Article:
Physical therapy, strength and conditioning, and injury prevention are tightly connected in my mind.  It is hard to separate them within my practice because therapy often blends into the other two.   

Individuals with an anterior cruciate ligament (ACL) injury are a great example.   The ACL injury has been heavily researched because of the cost and time required for a full recovery.   Further, the incidence of ACL injury continues to rise despite the efforts of researchers and health professionals.  I have seen athletes recover from surgery and return to play within 6 months but sometimes take up to 2 years (if they return at all).  During that time, it can be hard to tell when the return will happen or when physical therapy is over. 

Is it after full range of motion is achieved or a normal hop test? 

What is there a regression in control and strength on the injured limb?

These questions highlight the fact the tearing the surgically repaired ACL and other injury should be addressed in an ongoing fashion with long term monitoring and management.  No clear endpoint or separation is present that tells us you should be doing therapy, or strength training or focused on injury prevention. 

Numerous factors for individuals that want to remain active should be monitored.  Here is a list (it can vary depending on what you like to be doing):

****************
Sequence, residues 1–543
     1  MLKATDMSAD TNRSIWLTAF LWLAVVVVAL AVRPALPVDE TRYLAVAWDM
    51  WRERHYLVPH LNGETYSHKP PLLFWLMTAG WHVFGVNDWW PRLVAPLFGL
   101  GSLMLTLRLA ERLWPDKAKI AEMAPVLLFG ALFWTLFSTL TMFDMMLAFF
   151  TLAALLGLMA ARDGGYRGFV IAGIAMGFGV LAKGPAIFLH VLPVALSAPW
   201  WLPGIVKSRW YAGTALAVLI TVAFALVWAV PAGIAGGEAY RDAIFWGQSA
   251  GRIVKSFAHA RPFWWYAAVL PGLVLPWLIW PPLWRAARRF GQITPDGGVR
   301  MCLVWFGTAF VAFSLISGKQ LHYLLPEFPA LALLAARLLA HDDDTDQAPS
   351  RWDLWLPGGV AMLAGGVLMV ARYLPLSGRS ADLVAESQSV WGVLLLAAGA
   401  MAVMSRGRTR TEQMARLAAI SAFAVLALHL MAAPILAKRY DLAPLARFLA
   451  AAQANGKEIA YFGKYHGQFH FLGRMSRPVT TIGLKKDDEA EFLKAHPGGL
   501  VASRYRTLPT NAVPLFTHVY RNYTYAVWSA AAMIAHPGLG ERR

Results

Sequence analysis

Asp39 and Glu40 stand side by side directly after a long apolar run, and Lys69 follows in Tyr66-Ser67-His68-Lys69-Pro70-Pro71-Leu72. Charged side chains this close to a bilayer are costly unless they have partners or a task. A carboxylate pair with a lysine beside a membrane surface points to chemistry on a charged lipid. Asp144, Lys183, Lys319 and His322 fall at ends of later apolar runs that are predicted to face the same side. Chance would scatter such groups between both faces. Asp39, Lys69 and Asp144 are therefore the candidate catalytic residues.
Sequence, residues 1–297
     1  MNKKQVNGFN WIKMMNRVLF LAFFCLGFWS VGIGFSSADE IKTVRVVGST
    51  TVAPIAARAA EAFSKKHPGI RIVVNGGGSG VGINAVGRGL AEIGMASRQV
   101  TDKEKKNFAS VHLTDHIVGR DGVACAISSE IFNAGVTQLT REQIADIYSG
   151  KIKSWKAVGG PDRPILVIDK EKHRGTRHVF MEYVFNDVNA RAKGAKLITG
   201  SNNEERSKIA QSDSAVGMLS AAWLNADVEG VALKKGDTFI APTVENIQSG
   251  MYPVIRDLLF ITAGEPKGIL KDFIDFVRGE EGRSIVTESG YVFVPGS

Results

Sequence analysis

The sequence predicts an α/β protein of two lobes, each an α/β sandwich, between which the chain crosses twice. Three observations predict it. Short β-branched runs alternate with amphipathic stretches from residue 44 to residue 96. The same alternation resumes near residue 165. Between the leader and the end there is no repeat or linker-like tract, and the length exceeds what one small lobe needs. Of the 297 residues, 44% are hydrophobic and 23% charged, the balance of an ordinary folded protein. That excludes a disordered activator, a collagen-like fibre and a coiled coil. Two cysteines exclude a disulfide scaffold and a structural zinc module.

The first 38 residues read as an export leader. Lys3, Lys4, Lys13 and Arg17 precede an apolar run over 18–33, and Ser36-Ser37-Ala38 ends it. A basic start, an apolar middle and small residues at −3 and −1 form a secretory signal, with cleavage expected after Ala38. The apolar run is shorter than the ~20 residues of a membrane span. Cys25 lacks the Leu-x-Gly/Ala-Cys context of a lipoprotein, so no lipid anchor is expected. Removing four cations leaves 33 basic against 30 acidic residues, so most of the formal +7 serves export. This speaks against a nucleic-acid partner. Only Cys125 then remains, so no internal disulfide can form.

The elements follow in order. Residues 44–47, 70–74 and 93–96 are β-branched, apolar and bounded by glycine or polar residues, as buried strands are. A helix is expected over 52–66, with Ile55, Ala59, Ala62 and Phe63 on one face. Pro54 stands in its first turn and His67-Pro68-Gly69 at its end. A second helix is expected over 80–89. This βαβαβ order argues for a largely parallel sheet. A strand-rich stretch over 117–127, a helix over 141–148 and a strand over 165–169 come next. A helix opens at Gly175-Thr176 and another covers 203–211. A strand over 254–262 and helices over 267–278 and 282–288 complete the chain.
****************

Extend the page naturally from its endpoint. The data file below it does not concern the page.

1. walking gait
  2. running gait
  3. range of motion
  4. strength
  5. injury history
  6. pain
  7. pain tolerance
  8. fatigue
  9. jumping performance
  10. age
  11. sport
  12. shoes/playing surface
It is hard to monitor all this stuff.  But there should be an effort to understand why you had your injury or what injury is most likely to stop you.  If you are basketball player with poor balance, it is critical you simple balance exercises prior to practice or a game.  Just 5 minutes of this in your warm up can reduce the likelihood of the non-contact ankle sprain. 

If you are a runner, your hip strength is an important factor to constantly monitor.   A simple activation exercise for the glutes can mean the difference between an irritated knee or a good run.

My goal is to work with people over a long period of time.  It reduces injury and corrects problems before they get serious.  This blend of physical therapy, strength and conditioning, and injury prevention may take more effort, but it’s worth it.

Until next time,

Craig Allen Smith

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